Cycle Oregon is one of the greatest cycling events on Earth. Each year, 2,200 cyclists embark on a 7-day ride through some of the most scenic parts of the state. Along the way, a lot of money is raised to help support the rural communities that serve as our gracious hosts.
For many, Cycle Oregon is a life-changing experience and one that begs to be shared with fellow cyclists as well as non-riding friends and family. And this year, it will be easier than ever for them to do just that thanks to The Blogmobile.
The Blogmobile is a mobile platform for the growing number of bloggers who cover the event on a daily basis (Including the KoiFish team, which manages and writes for the Cycle Oregon Blog). It also has a bank of PCs for everyone else to use to access Twitter, Facebook or whatever social network tickles their fancy.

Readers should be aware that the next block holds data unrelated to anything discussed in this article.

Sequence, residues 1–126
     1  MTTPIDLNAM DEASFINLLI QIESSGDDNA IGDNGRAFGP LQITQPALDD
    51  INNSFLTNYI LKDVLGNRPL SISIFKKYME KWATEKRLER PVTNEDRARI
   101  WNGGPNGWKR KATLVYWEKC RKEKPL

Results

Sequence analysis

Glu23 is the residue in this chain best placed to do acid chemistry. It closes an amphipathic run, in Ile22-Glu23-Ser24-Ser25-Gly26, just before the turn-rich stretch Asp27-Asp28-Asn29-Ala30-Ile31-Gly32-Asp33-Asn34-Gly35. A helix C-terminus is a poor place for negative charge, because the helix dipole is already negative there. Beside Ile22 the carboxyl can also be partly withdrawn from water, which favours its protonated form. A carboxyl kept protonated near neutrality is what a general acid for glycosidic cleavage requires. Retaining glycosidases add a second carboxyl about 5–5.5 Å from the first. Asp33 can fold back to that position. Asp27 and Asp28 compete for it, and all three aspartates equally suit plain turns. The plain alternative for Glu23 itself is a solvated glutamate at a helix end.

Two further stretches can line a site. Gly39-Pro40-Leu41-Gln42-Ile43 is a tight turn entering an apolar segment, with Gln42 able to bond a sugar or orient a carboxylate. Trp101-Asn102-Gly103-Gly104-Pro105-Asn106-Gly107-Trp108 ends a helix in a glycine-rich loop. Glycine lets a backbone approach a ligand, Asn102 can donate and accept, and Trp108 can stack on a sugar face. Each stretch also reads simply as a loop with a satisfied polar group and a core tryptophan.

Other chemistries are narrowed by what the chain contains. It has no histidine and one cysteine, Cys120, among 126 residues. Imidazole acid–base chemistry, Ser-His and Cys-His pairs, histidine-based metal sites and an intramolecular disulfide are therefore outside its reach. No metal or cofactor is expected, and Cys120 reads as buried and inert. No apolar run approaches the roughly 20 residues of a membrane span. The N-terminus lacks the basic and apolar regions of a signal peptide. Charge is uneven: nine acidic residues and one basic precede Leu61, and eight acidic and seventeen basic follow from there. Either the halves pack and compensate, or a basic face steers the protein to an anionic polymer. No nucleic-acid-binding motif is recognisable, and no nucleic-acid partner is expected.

Our hope is that The Blogmobile also makes it easy for the community to make a collective record of the event unlike anything that we’ve previously seen before and that this record inspires a few folks to join us in years to come.
You can follow the action at:
Socia Media and Cycling Go Totether Like Peas and Carrots
Today Facebook has more than 500 million users. If you’re reading this blog, chances are you’re one of them. If you’re younger than 30, chances are you already know how to post status updates or photos to Facebook from all your various mobile devices. This tutorial is not for you. If, however, you’re new to Facebook and/or accessing Facebook from your mobile device, read on.
Facebook from an “old-school” mobile phone
Facebook can be accessed from any mobile phone that can send e-mail. Through e-mail you can post status updates and – provided your phone is equipped with a camera – you can also add photos. The first thing you need to do is find your personalized Facebook upload e-mail. To find your upload e-mail:
1) From a PC, log in to your Facebook profile
2) Type http://facebook.com/mobile in your browser and hit “Enter”